improve posture, minimize back and neck pain, create flexibility and strength in balance of muscular use, reshape your stomach/abs, smile more cause you feel sooo good
Principles. Pilates is not just a collection of exercises but a method developed and refined over more than eighty years of use and observation. Pilates is a physical fitness process that includes: Centering, Concentration, Control, Precision, Breathing, and Flowing Movement.
Mind over matter. According to practitioners, the central element of Pilates is to create a fusion of mind and body, so that without thinking about it the body will move with economy, grace, and balance; using one's body to the greatest advantage, making the most of its strengths, counteracting its weaknesses, and correcting its imbalances.
Breathing. Joseph Pilates believed in circulating the blood so that it could awaken all the cells in the body and carry away the wastes related to fatigue. For the blood to do its work properly, it has to be charged with oxygen and purged of waste gases through proper breathing. Full and thorough inhalation and exhalation are part of every Pilates exercise.
Centering. Pilates called the very large group of muscles in our center – encompassing our abdomen, lower back, hips, and buttocks – the “powerhouse.” All energy for Pilates exercises begins from the powerhouse and flows outward to the extremities.
Concentration. Pilates demands intense focus. For instance, the inner thighs and pelvic floor may be accessed when doing a standing exercise that tones the triceps. Beginners learn to pay careful attention to their bodies, building on very small, delicate fundamental movements and controlled breathing.
Control. Joseph Pilates built his method on the idea of muscle control. That meant no sloppy, uncontrolled movements. Every Pilates exercise must be performed with the utmost control, including all body parts, to avoid injury and produce positive results. It's not about intensity or multiple repetitions of a movement; it's more about proper form for safe, effective results.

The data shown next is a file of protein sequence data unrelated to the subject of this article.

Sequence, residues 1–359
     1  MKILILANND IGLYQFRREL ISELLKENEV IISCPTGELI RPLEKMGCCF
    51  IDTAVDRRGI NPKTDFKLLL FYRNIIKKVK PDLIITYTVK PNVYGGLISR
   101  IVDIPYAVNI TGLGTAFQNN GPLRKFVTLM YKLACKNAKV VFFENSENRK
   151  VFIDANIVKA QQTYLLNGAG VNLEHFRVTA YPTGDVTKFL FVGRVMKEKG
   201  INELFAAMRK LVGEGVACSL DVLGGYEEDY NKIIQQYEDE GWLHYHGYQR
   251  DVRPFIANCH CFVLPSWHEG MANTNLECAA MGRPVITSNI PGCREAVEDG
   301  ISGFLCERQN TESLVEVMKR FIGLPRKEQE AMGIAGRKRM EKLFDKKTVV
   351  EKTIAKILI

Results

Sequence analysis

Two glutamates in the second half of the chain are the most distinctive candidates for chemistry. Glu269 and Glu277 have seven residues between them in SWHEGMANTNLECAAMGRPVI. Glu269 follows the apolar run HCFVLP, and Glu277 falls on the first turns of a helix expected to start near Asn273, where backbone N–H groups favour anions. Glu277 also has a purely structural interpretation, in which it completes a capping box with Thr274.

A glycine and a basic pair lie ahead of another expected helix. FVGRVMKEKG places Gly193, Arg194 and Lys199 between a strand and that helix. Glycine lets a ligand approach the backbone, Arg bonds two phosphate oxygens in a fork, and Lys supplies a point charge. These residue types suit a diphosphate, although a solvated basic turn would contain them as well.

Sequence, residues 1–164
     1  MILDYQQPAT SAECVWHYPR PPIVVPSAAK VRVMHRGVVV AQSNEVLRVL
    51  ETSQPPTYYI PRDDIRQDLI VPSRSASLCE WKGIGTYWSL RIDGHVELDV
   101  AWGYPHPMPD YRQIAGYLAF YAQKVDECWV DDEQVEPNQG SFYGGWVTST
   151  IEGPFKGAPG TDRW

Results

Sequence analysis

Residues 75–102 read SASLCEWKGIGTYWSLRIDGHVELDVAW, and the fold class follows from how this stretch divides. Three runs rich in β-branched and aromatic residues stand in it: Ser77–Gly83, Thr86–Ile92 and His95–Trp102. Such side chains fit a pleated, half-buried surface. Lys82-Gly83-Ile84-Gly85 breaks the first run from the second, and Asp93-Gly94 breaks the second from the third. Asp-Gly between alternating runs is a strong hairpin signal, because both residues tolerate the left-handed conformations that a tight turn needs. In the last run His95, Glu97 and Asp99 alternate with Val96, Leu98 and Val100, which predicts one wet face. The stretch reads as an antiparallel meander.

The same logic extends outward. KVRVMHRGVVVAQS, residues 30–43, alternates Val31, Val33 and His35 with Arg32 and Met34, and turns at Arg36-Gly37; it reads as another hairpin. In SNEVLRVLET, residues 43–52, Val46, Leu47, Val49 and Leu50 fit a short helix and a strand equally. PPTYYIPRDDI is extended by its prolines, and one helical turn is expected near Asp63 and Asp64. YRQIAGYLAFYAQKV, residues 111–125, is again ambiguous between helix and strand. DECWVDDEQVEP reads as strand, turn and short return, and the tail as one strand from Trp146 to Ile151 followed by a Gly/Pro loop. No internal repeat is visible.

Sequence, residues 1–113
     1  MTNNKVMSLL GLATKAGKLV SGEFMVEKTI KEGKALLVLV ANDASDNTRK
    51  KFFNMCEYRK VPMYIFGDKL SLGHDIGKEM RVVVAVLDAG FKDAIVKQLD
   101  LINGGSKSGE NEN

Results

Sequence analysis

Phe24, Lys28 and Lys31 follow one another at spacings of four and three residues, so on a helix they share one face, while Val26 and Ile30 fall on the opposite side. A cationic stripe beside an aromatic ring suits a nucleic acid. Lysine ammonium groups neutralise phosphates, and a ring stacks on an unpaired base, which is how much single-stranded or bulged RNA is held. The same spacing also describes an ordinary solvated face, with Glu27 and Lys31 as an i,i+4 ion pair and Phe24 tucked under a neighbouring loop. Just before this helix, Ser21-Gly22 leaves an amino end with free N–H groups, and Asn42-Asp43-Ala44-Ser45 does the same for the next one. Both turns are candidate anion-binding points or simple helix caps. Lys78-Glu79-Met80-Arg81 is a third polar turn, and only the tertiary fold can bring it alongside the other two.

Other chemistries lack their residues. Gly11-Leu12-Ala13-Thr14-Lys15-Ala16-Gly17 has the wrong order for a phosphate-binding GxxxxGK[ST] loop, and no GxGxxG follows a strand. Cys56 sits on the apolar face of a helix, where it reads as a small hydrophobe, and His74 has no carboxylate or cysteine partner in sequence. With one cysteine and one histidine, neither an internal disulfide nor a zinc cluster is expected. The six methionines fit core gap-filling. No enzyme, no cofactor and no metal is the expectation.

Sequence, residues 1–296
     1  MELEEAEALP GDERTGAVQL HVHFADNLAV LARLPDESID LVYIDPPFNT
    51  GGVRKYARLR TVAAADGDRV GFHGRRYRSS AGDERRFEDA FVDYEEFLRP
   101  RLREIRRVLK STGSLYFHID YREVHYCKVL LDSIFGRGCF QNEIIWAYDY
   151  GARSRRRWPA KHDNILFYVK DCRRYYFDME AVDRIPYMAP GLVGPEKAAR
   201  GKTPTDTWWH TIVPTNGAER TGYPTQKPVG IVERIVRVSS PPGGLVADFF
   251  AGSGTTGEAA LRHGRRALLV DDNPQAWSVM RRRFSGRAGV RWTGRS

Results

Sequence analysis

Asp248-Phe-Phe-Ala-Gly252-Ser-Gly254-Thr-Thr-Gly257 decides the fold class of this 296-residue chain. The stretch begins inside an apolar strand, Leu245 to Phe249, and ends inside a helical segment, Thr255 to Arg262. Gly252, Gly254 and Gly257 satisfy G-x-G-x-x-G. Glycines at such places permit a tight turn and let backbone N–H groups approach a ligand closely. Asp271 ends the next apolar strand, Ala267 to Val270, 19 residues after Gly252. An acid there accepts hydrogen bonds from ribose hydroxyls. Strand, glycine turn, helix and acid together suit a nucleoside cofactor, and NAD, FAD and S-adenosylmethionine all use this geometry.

Precision. Every movement in the Pilates method has a purpose. The focus is on doing one precise and perfect movement, rather than many halfhearted ones. Eventually this precision becomes second nature, and carries over into everyday life as grace and economy of movement.
Fluidity. There are no static, isolated movements. Concentration and body awareness replaces the quick, jerky movements of other exercise regimes. Grace of motion is emphasized over speed; ultimately the movements are meant to feel as fluid as a long stride or a waltz. Uniformly developed muscles are then developed to complement good posture, suppleness, and natural grace.
History. Pilates was formed by Joseph Pilates during the First World War with the proposal to improve the rehabilitation program for the many returning veterans. Joseph Pilates believed mental and physical health are essential to one another. He recommended a few, precise movements emphasizing control and form to aid injured soldiers in regaining their health by strengthening, stretching,and stabilizing key muscles.